(If you can’t see the embedded video, it’s at http://www.youtube.com/watch?v=ncFivE5uviQ.)

Seriously! It was that simple. I didn’t even notice that little tray, and I was fumbling as long as she was and was STILL stuck. I’m not that dumb–I’ve been around various printers and copiers since I was a teenager. I’d be the person that people around the office would call to un-jam the machine if there were problems, and usually fixed the problems. How could I have missed this? Well, first of all, the tray blends into the rest of the printer case that it’s easy to not notice it.  Second–and most importantly–THE INSTRUCTIONS NEVER POINTED OUT WHERE IT WAS LOCATED. I’m a technical communicator–I know to actually READ the instructions and manual to find something, or how to scour a company’s website for information. When you look at the error codes and solutions on the Canon site, it just says that if you receive the error, you open the tray, but they don’t give a visual of where it’s located at all.  If you watch this video, the narrator expresses exactly what I was experiencing, and it was only this video that helped me solve the problem! This video–or something like it–should be on the Canon website!

Once I fixed this little problem, my new printer works beautifully, and I’m happy with it. But seeing this grave mistake on Canon’s part…yeah. It made me wonder why that crucial piece of information was left off the quick start, when there’s room for it on the instructions. Even a small diagram showing the different parts of the printer somewhere would’ve been good. It was bad from a technical writing standpoint, but it’s also bad from a marketing standpoint. If it wasn’t for this non-corporate video, the brand loyalty that was forming would’ve been dust almost instantly. That’s bad for Canon, and bad for consumers.

Canon, I’m looking for a full-time gig, so if you need someone to audit and rewrite your information to catch things like this, contact me. Seriously. I mean it. When I looked at your community support, it turned out that your best suggestion was that you had to return the machine for a refurbished replacement? Um, no, this is an easy problem to fix, and yet you probably could get a lot fewer calls and send fewer replacement printers if you just showed this tiny piece of information.

What do you think, fellow technical writers? I know Canon makes a lot of products, and they have a good reputation, but wouldn’t this be an easy fix on their website, just to add this video to that troubleshooting solution on their site? Let me know what you think in the comments.

(And thank you to Karen Nieto for posting the solution on YouTube! You are a wonderful person for doing so, and I greatly appreciate it!)

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John E. McIntyre’s trigger warning about taking his editing class- Baltimore Sun

Take a seat, school’s back in session. Here’s John E. McIntyre’s “trigger warning” to new students at his editing class at Loyola University Maryland.

Source: John E. McIntyre’s trigger warning – Baltimore Sun

I highly, highly encourage you to watch the video in this link, especially if you’ve ever taken an editing class.  This reminded me SO much of what I had to go through in the technical editing course that I took at NJIT with Dr. Norbert Elliot.  He’s retired now, but his lessons definitely live on! I showed this to one of my classmates from the class, and she said this was exactly how she imagined Dr. Elliot in her imagination, but with a different appearance, naturally.  I spent many weekends and weeknight pouring over texts. Our usual assignment would center on a particular common grammatical error, such as the use of commas. We’d be provided eight to ten sentences, which we would not only edit, but we had to give citations from various grammar rule books–such as the Chicago Manual of Style–and explain WHY it was wrong. It was NOT an easy class by any means, but I eeked out an A, and it was one of the first grades I received in grad school.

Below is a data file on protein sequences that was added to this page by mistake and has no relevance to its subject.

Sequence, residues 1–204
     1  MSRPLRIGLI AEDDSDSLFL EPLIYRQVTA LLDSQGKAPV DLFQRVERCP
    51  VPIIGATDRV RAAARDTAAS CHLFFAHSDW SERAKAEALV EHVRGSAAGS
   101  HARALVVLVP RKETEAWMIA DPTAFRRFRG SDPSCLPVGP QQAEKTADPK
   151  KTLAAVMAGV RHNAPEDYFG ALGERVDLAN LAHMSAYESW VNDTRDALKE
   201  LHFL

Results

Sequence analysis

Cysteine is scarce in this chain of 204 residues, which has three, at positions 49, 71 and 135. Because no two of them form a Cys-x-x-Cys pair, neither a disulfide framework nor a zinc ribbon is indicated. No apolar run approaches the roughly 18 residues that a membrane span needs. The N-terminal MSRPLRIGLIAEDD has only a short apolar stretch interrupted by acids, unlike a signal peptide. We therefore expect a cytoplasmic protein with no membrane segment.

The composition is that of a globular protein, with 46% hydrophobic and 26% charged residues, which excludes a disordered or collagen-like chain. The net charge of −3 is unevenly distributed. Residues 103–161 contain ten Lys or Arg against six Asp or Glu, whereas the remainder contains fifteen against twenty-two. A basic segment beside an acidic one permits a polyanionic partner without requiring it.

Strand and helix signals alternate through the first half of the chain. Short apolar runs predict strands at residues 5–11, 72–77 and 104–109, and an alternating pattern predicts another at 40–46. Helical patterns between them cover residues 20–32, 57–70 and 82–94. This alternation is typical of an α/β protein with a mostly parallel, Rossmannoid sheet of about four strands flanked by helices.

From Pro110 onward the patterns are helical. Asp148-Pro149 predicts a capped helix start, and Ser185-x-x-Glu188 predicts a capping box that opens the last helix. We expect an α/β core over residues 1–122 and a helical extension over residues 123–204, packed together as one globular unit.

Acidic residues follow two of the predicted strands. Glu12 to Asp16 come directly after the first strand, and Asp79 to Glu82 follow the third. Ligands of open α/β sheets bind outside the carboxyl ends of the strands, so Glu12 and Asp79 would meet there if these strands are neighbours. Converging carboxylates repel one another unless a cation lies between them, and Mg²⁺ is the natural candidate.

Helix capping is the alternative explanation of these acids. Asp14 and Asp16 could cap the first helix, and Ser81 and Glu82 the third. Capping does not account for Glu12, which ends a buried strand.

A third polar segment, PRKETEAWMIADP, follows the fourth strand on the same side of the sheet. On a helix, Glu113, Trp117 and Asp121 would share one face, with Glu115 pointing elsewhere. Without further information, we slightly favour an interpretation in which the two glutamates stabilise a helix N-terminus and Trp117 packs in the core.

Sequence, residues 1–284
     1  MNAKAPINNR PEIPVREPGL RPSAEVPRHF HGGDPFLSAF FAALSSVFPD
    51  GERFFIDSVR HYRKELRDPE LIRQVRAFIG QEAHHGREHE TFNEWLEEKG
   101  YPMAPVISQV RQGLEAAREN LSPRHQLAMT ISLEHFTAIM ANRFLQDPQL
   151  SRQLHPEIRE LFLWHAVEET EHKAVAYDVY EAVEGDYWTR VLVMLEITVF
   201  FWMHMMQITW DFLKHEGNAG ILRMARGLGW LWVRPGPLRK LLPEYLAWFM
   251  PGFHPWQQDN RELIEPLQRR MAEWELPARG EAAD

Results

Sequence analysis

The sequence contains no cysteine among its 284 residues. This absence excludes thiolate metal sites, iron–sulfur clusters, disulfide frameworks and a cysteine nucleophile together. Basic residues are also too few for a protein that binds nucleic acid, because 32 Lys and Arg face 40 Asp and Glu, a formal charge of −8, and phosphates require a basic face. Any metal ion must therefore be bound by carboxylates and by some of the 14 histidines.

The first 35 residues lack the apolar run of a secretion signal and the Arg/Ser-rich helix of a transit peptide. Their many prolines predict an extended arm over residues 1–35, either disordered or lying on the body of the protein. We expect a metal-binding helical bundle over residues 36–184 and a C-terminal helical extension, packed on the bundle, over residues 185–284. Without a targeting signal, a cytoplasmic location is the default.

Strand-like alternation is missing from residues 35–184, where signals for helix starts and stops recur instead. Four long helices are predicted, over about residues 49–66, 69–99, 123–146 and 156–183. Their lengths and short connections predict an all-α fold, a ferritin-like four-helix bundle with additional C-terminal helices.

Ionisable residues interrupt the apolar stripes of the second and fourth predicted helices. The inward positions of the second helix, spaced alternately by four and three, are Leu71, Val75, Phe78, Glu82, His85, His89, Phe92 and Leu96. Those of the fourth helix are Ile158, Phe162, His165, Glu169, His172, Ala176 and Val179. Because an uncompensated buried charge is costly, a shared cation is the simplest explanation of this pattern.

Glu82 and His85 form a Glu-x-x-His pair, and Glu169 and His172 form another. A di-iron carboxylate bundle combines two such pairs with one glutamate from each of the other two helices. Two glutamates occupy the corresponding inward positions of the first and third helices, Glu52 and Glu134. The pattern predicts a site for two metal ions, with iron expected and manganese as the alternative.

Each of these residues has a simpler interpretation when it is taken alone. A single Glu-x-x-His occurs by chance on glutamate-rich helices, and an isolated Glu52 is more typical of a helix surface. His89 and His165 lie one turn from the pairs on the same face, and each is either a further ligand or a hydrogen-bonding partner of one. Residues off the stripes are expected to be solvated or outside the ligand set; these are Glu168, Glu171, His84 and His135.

Did you have an editing class that was similar to what this gentleman was teaching or what I experienced? Did it help you as a technical communicator (I know it helped me!)? Share your experiences in the comments below.


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Microsoft Wants Autistic Coders. Can It Find Them And Keep Them? | Fast Company | Business + Innovation

Job interviews can be especially hard if you’re autistic. A Microsoft effort aimed at a wider spectrum of the workforce wants to solve that.

Source: Microsoft Wants Autistic Coders. Can It Find Them And Keep Them? | Fast Company | Business + Innovation

This article, posted originally by Microsoft Careers on Twitter, excited me. I could related to this article on so many levels, especially with the non-disclosure part, and the tracing my route before I got there. I did that yesterday with my son for school. We were allowed to come in a day early, see his schedule, and do a dry run of his day, meeting the teachers one-on-one rather than a busy, hectic, first day with all the kids. Thank goodness we did that–his bus never showed up, so I had to drive him to his school, and he was a half an hour late. At least he knew where to go. Even on the way home, I knew that a place where I may be interviewing was nearby, so I passed by on our way home, just so I knew where to go when the time comes.

Microsoft really did an excellent job with this article, and appropriately told the good and the bad of being an autistic employee. Autistic people usually are very good with technical things, so naturally a fit with Microsoft makes sense. The method they use of letting the candidates hang out and help for a few weeks before the real interview is something I wish all employers did with employees. I know I’d benefit from it, for sure! I hope that other companies adopt similar plans for autistic workers, whether they are coders or tech writers or anything else. It gives me hope that my son has a chance to get into a job that can be fulfilling to him, if he chooses (he’s more of a computer hardware guy, but still–there’s a need for guys like him, too, at a place like Microsoft!).

Read this, and let me know what you think in the comments below.